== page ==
Precision
After running this snippet:

import numpy as np a = np.array([0.112233445566778899], dtype=np.float32) b = np.array([0.112233445566778899], dtype=np.float64) print(a, b) 
It print out:

[0.11223345] [0.11223345] 
Why np.float32 and np.float64 have the same output? The answer is: displaying of numpy array need to set options.
Let’s set option before print:

import numpy as np a = np.array([0.112233445566778899], dtype=np.float32) b = np.array([0.112233445566778899], dtype=np.float64) np.set_printoptions(precision=18) print(a, b) 
The result has became:

[0.112233445] [0.1122334455667789]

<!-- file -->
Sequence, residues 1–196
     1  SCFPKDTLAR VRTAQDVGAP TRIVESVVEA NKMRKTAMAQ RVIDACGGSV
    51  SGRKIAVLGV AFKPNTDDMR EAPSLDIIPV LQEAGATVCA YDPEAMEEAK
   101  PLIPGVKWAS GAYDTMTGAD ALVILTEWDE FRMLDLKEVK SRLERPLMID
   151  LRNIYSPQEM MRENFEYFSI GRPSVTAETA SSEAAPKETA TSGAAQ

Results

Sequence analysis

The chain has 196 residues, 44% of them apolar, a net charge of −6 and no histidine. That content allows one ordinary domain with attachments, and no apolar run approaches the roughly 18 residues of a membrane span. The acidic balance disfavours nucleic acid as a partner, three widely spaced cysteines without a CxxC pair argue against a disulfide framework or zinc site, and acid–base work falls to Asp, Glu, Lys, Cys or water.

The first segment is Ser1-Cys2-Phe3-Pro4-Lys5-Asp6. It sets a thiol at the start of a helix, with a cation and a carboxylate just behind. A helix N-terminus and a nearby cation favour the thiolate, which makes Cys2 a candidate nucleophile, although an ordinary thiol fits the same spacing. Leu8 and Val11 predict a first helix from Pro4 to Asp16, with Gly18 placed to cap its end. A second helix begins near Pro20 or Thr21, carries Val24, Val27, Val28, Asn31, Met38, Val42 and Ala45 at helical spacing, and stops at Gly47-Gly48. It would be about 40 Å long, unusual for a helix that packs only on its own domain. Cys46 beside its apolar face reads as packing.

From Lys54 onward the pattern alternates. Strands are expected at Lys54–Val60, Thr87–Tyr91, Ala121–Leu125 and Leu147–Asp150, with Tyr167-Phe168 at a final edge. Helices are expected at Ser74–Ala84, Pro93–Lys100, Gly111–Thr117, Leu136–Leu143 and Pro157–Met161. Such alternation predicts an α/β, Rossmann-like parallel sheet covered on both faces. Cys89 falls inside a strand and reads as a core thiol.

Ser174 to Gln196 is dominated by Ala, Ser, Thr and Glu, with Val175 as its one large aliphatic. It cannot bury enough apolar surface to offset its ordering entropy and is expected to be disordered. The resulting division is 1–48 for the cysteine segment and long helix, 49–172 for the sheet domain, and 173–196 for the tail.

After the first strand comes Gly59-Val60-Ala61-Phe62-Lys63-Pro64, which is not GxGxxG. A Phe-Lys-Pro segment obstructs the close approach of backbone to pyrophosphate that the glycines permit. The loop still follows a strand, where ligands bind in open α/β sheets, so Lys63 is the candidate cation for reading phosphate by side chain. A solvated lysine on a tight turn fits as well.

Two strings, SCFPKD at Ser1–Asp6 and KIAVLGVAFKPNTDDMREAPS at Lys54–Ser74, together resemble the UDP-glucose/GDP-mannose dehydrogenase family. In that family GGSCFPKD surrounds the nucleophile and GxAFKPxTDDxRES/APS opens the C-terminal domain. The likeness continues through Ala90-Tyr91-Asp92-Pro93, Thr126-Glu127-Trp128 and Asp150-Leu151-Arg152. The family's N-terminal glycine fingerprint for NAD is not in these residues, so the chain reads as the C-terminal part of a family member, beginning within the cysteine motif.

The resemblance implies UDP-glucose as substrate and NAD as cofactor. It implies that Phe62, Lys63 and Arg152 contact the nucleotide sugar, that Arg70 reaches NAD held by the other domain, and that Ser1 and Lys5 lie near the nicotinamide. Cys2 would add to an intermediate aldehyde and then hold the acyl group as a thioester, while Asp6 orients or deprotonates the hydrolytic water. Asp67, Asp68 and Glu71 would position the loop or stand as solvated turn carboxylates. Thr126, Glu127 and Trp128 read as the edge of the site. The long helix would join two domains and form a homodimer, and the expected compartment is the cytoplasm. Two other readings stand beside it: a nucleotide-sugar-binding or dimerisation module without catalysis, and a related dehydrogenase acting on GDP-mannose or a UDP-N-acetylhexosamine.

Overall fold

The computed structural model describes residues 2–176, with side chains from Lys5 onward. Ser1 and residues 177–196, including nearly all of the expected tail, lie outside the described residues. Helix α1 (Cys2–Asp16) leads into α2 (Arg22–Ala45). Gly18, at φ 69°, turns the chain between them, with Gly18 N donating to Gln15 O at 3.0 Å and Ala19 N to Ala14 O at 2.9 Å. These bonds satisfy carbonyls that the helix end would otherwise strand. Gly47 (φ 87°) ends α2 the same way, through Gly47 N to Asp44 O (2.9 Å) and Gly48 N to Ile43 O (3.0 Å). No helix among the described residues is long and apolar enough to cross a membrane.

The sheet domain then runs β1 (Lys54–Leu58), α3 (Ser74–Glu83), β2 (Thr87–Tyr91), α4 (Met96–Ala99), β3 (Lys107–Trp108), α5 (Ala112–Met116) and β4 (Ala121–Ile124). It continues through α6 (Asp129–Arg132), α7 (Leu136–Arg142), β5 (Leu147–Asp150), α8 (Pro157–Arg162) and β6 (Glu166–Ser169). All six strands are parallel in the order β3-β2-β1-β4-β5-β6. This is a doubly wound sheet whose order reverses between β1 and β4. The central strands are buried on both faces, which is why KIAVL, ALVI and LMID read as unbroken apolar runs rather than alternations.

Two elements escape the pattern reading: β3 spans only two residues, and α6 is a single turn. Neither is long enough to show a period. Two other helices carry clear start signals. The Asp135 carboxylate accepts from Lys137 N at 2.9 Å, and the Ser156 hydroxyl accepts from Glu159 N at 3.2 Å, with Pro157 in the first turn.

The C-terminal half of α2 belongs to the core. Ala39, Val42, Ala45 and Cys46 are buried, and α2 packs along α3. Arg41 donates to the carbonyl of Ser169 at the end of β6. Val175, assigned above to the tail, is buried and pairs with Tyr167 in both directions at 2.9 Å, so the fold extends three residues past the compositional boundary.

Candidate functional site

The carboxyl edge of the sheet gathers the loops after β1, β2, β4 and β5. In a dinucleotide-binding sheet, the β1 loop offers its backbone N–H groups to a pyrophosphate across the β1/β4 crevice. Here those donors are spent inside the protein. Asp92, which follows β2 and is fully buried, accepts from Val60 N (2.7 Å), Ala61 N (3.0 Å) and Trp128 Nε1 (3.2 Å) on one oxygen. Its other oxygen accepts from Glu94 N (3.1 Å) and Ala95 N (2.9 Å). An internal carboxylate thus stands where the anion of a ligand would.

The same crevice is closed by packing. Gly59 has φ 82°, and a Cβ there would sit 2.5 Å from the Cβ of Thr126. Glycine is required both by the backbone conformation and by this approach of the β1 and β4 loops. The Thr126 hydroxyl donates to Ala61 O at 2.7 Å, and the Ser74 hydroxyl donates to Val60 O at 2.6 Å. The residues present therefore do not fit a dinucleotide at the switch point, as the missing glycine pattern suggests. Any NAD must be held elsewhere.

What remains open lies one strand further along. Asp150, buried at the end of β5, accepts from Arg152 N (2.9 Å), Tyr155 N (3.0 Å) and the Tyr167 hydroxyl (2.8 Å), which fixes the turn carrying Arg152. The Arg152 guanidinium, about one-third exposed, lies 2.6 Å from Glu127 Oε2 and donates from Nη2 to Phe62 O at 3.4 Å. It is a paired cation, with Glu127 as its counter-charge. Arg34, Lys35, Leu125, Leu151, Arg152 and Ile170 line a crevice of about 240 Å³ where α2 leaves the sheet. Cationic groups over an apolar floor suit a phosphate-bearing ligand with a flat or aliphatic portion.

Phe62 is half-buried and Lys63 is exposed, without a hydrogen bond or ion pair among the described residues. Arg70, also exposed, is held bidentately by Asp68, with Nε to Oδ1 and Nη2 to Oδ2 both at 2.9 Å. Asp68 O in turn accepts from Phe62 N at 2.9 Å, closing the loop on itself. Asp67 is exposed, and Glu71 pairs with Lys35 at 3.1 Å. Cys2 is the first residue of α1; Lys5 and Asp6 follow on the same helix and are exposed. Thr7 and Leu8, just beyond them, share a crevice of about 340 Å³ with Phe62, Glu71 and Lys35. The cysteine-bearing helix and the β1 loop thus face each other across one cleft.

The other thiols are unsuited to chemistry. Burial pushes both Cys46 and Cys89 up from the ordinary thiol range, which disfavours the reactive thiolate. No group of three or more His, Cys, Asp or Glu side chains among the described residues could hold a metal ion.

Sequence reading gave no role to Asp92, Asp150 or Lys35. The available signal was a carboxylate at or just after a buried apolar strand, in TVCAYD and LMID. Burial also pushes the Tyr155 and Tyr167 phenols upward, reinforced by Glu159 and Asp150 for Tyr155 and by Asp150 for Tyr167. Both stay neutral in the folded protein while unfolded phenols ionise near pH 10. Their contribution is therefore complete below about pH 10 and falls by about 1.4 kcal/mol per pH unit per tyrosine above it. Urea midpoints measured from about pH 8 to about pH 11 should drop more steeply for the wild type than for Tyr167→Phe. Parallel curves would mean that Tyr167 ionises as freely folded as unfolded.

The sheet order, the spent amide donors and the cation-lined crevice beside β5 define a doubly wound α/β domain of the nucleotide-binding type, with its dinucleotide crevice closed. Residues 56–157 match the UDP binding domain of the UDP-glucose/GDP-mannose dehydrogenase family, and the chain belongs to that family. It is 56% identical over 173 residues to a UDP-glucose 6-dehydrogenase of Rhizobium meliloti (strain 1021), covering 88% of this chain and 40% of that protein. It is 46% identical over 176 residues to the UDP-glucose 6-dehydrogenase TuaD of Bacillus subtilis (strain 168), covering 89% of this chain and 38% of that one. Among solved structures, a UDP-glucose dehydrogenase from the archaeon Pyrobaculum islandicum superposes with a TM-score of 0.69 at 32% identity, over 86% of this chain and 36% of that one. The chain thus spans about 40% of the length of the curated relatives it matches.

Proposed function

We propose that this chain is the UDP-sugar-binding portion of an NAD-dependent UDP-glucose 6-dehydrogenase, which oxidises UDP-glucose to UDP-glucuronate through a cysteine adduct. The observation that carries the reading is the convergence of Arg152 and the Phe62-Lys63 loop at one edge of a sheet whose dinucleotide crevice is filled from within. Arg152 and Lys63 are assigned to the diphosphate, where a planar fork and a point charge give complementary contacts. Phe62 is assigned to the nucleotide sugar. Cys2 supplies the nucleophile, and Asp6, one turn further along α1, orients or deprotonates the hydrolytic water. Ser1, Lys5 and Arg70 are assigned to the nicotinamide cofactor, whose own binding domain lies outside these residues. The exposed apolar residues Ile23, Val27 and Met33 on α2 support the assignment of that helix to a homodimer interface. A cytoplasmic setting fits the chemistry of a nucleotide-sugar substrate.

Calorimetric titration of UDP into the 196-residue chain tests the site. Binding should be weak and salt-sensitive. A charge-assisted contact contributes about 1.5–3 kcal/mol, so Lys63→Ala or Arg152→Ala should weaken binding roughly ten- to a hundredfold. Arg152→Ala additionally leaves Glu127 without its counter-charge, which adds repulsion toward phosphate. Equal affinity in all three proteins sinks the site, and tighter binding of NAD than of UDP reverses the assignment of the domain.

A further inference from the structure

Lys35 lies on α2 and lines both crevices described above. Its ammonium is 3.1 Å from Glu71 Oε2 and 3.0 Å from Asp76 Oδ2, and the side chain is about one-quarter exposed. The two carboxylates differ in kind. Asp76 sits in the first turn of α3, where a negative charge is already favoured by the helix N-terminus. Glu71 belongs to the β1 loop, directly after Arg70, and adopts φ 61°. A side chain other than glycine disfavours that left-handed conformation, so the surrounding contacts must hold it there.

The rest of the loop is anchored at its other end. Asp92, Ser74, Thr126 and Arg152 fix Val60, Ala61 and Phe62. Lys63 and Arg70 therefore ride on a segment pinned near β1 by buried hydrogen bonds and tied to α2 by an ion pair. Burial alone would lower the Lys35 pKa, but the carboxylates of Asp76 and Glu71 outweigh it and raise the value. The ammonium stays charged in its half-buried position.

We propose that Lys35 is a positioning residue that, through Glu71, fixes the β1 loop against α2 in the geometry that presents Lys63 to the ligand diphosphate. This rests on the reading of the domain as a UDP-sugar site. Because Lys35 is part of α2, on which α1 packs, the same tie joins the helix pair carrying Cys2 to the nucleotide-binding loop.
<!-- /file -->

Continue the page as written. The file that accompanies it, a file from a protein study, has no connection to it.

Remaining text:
which looks much reasonable.
Furthermore, why it prints out ‘0.1122334455667789’ which has only ’16’ precision instead of ’18’? Because the float64 only support about 15~16 precisions, as this reference said.
Hidden metadata
There are two parquet files which look different after using ‘cksum’ to compare. But after we export them as CSV files:

import pandas as pd df = pd.read_parquet("my.parquet") df.to_csv("my.csv") ... 
The two output CSV files are exactly the same.
Then what happened in those previous two parquet files? Dose parquet file have some hidden metadata in it?
As a matter of fact, parquet file will save the ‘index’ of a DataFrame of Pandas while CSV file will not. If we drop the index before writing out the parquet file:

df.reset_index(drop=True) df.to_parquet("my.parquet") ... 
These two parquet files would become identical.